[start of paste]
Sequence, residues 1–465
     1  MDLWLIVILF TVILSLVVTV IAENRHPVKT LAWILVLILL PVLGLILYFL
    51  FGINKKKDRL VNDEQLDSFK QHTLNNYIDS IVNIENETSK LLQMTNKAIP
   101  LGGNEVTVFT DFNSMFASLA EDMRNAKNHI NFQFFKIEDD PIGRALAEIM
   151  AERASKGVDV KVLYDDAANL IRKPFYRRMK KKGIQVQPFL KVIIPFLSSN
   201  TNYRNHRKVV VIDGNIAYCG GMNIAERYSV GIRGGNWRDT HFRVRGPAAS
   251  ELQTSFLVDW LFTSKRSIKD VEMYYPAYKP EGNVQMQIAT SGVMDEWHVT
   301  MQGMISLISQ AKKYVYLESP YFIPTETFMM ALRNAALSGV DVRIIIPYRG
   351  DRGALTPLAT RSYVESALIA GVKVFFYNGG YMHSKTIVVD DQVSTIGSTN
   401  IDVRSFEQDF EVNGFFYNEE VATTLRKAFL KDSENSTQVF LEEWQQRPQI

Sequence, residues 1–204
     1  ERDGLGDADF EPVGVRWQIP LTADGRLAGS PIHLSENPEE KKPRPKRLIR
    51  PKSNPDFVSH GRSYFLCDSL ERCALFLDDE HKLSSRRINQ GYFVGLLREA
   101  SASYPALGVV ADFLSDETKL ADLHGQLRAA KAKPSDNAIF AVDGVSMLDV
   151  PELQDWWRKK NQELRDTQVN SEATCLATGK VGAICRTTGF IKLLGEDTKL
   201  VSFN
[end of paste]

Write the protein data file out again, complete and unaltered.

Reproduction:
Sequence, residues 1–465
     1  MDLWLIVILF TVILSLVVTV IAENRHPVKT LAWILVLILL PVLGLILYFL
    51  FGINKKKDRL VNDEQLDSFK QHTLNNYIDS IVNIENETSK LLQMTNKAIP
   101  LGGNEVTVFT DFNSMFASLA EDMRNAKNHI NFQFFKIEDD PIGRALAEIM
   151  AERASKGVDV KVLYDDAANL IRKPFYRRMK KKGIQVQPFL KVIIPFLSSN
   201  TNYRNHRKVV VIDGNIAYCG GMNIAERYSV GIRGGNWRDT HFRVRGPAAS
   251  ELQTSFLVDW LFTSKRSIKD VEMYYPAYKP EGNVQMQIAT SGVMDEWHVT
   301  MQGMISLISQ AKKYVYLESP YFIPTETFMM ALRNAALSGV DVRIIIPYRG
   351  DRGALTPLAT RSYVESALIA GVKVFFYNGG YMHSKTIVVD DQVSTIGSTN
   401  IDVRSFEQDF EVNGFFYNEE VATTLRKAFL KDSENSTQVF LEEWQQRPQI

Sequence, residues 1–204
     1  ERDGLGDADF EPVGVRWQIP LTADGRLAGS PIHLSENPEE KKPRPKRLIR
    51  PKSNPDFVSH GRSYFLCDSL ERCALFLDDE HKLSSRRINQ GYFVGLLREA
   101  SASYPALGVV ADFLSDETKL ADLHGQLRAA KAKPSDNAIF AVDGVSMLDV
   151  PELQDWWRKK NQELRDTQVN SEATCLATGK VGAICRTTGF IKLLGEDTKL
   201  VSFN